ACE Boot Camp – Day 1

First off, let me point out that this is not a boot camp with a certification in mind. It’s a 4 day course given by Firefly Communications. Although I booked the course through Global Knowledge, I was told that they typically outsource their data center courses to Firefly. Works for me. As long as it is quality training, I don’t care if you outsource it to Elbonia. I am assuming they use the term “boot camp” because it is an end to end ACE class taught in just 4 days.

Which brings me to my first point. My company was able to use Cisco Learning Credits to pay for this class. At 30 credits, that translates to $3,000 US dollars for 4 days worth of training. Sitting in the class, I couldn’t help but notice people doing regular work while the instructor was going through his lecture. I realize most places are understaffed. Outages happen. Fires have to get put out. However, $3,000 for 4 days to me is a big deal. If you send your employees off to training that is critical/applicable for their job, LET THEM TRAIN! Leave them alone while they are there. Of course, that’s a 2 way street in that some employees need to learn to let go as well. The company will function without them for a few days. You can turn off “martyr” and “hero” mode for a couple of days. I am checking e-mail at night, but not being obsessive about it. I have very capable co-workers who can do anything and everything without my help.

Now, on to the actual class. Let me begin by commenting on the quality of instruction. I’ve been to plenty of poor classes in which someone was trying to shovel test material down your throat the whole time. I’ve also sat in several classes where the instructor was obviously out of their league and could not field questions from the crowd that weren’t covered on the vendor approved slide deck. That is simply not the case with Firefly. My instructor is very competent and when he hits the limit of his knowledge, he indicates that. So far, I think I have only seen 1 time out of the dozen or so questions he was hit with today in which that was the case. I guess that is what $3,000 a seat gets you.

It seems as if there is a fairly decent mix of people in this class. About a dozen or so in attendance. A fair amount of them are actually using the ACE 4710 appliance which I thought was rather interesting. Of course, most are using the standard ACE module. There are varying levels of experience with ACE as well. I was under the impression that I would be here mainly for the second half of the class, as I felt comfortable with the basics. Of course, just when you go and get comfortable, you realize how little you know. I learned a LOT today. Mainly, it was about things I never really bothered to dig into. You see, like most people, we probably only dig into the features we absolutely need right now. Maybe we plan on coming back and covering everything else at a later time, but I think that happens far less than we’d like it to. Some of the things we covered today that I was horribly deficient on were:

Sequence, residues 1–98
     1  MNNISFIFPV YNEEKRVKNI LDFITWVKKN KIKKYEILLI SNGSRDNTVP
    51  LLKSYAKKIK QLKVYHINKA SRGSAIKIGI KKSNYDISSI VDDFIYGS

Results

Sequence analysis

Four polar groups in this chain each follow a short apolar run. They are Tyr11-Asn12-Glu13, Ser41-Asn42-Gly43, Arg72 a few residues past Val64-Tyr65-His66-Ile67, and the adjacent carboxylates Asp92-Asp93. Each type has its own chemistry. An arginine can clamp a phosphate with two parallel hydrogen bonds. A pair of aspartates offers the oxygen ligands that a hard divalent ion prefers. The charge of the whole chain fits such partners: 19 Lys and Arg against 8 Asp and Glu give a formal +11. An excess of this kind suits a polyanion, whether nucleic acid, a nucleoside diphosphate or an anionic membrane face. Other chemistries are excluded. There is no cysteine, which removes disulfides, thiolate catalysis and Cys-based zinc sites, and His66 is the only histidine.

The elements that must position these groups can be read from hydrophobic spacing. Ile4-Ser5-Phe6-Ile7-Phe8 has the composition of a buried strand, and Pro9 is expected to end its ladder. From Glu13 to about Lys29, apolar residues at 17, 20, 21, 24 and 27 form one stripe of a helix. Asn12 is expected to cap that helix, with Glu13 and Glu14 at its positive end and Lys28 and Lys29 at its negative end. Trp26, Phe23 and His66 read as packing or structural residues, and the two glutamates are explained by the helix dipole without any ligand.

Resource Management – If you use multiple contexts, RM can prevent a single context from taking over the entire resources of the module. I don’t use this as it is currently not a concern, but good to know if things change!

HTTP Message Structure – 3 fields make up each HTTP message: Start/Request line(includes the METHOD), Header fields, and Body(which is optional)

ACE 4710 appliance – I don’t use it and never have. However, it does do a few things the module does not mainly centered around application acceleration. We have not covered that exhaustively yet, but I will take good notes when we do.

There were other things covered in which I was glad to get a decent refresher. The main one being TCP sequence numbers. They are always a bit confusing to me if I don’t study them on a fairly regular basis. Although you weren’t there with me in class today, you can read this post by Jeremy Stretch which talks about TCP sequencing. He even uses nice graphics!

We ended the day doing a pretty simple lab in which we created some contexts and messed around with resource management to see if we could oversubscribe the module in terms of CPU, memory, etc in regards to other contexts. Overall, it was a really good first day. I am eagerly anticipating what tomorrow will be like. It is also good to be taught by someone who actually helped develop the slide deck the course is taught from. He was able to add funny little details about how he created this drawing or that. It’s always nice to have someone teach who has a great sense of humor. So far, I give the Firefly ACE boot camp 2 thumbs up!

I am hoping to get a wee bit more technical in the following posts regarding ACE boot camp as the remaining days will REALLY focus on load balancing. Who knows? I might even post a graphic or two! Shocking isn’t it?

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